Parrot conservation news has been somewhat dismal lately (please see here for some examples), so today I’d like to highlight a bright spot. Surveys have shown that Bolivia’s Barba Azul Reserve supports a breeding population of Blue-Throated Macaws (Ara glaucogularis), a species so rare that it was believed extinct until its “re-discovery” in 1992. Maned Wolves, Orinoco Geese, Bush Dogs, Pampas Deer and other rare animals are also making themselves at home in the reserve’s 12,300 acres.
Wildlife Oasis amid Ranches
Managed by the World Land Trust, Barba Azul Reserve is comprised of tropical savannas, “forest islands” and marshes. I had the good fortune to work in a similar area inVenezuela, and can attest to the incredible diversity of wildlife that such habitats support. As was true for protected areas in Venezuela, Barba Azul is surrounded by huge cattle ranches.
While ranch owners often protect wildlife (I and colleagues marked over 500 Green Anacondas on a single ranch inVenezuela!), water management practices and fires lit to burn off dead grass threaten the animals that congregate in nearby reserves. At Bara Azul, extensive firebreaks have been constructed to protect the area.
One of the World’s Rarest Parrots
Clad in brilliant turquoise and yellow, the huge Blue-Throated Macaw is found only in northern Bolivia. Believed extinct until 1992, it is classified as Critically Endangered by the IUCN and listed on CITES Appendix I.
Up to 110 individuals occupy or use Barba Azul Reserve, the only such concentration known to exist. At least 7 pairs are raising chicks. Outside of the reserve, Blue-Throated Macaw sightings are limited to pairs or single birds that occupy cattle ranches separated from one another by hundreds of miles. In such circumstances, viable breeding populations will not likely become established.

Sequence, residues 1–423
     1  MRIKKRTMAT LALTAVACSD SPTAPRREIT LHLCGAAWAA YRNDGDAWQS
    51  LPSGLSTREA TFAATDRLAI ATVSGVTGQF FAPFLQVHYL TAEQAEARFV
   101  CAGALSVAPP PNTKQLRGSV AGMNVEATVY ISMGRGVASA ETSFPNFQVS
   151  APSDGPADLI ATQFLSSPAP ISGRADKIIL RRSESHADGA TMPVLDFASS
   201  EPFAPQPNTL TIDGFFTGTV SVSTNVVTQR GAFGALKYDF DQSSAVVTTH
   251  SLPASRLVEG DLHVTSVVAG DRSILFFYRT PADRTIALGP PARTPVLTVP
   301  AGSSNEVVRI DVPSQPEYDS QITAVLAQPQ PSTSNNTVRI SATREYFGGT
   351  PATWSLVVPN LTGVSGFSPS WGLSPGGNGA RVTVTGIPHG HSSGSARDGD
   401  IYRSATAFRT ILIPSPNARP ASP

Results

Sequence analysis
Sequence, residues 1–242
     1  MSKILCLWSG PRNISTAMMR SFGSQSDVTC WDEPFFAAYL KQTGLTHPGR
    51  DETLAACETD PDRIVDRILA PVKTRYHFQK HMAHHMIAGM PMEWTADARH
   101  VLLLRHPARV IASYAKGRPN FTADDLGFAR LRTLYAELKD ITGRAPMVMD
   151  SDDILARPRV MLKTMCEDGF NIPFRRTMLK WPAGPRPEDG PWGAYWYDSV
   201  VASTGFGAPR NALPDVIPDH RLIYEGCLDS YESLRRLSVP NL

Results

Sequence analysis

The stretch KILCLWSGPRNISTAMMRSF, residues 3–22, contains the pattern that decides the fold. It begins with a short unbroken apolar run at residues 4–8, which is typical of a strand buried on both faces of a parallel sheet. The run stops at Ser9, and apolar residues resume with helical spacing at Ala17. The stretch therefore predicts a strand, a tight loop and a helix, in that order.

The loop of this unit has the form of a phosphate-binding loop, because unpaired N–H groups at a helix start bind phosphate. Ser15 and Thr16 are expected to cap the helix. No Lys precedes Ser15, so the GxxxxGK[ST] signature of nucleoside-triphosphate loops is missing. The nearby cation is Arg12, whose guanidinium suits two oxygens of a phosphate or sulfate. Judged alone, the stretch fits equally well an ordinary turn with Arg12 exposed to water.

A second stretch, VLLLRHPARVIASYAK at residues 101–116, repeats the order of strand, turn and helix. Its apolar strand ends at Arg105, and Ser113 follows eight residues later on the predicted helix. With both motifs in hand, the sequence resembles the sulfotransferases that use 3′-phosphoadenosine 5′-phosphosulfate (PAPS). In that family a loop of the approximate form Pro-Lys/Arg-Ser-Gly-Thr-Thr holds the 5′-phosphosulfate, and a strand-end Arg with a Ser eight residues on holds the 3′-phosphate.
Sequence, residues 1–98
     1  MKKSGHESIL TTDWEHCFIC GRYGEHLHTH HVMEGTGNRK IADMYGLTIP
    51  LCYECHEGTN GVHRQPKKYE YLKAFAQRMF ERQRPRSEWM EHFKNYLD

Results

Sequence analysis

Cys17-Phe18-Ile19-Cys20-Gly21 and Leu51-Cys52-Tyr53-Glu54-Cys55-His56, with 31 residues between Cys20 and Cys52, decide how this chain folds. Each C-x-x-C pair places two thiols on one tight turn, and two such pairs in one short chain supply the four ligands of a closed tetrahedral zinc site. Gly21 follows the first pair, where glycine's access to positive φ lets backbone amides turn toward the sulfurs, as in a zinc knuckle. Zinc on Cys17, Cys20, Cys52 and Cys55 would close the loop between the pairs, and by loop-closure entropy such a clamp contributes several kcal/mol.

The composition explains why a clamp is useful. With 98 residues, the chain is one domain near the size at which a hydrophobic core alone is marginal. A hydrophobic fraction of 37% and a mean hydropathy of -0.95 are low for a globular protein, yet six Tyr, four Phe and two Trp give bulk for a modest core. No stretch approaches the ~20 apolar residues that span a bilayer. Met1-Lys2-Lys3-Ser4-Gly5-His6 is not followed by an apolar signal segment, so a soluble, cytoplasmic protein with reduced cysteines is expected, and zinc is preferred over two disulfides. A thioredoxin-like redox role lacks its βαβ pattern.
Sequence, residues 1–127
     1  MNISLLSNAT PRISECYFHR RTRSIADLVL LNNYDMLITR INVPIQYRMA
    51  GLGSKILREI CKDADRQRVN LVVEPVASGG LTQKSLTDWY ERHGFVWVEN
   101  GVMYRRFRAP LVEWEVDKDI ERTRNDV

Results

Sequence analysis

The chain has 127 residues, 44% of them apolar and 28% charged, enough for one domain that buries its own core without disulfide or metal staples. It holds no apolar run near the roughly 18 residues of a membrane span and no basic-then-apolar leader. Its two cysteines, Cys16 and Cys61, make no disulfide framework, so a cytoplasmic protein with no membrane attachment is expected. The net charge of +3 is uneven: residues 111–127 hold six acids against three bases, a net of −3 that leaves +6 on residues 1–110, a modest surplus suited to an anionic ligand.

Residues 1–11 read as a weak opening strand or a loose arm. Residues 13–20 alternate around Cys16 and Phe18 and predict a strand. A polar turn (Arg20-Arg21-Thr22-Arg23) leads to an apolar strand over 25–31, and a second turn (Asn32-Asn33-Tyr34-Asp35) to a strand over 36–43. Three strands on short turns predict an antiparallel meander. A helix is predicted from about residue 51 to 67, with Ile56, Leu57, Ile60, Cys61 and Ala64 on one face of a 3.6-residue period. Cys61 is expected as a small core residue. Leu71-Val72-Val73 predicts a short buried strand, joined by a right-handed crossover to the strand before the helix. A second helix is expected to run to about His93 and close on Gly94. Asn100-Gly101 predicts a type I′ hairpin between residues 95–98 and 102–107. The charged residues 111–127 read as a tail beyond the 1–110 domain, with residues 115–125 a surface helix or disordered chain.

Other Notable Reserve Residents
A number of other creatures that are uncommon in the surrounding area, including Giant Anteaters and Marsh Deer, have established themselves at Barba Azul reserve. The presence of a wide variety of predators, including Maned Wolves, Jaguar, Jaguarundi, Bush Dogs (see photo) and Puma indicates that a complex, functioning ecosystem is in place.
This bodes well for the Blue-Throated Macaw’s future, although species that survive in one location only are considered to be extinction-prone. Other rare birds that have been documented breeding within the reserve include Orinoco Geese, Black-Masked Finches and Short-Tailed Tyrants.
Blue Throated Macaw image referenced from wikipedia and originally posted by Jeff Kubina
Bush Dog image referenced from wikipedia and originally posted by Paul Reynolds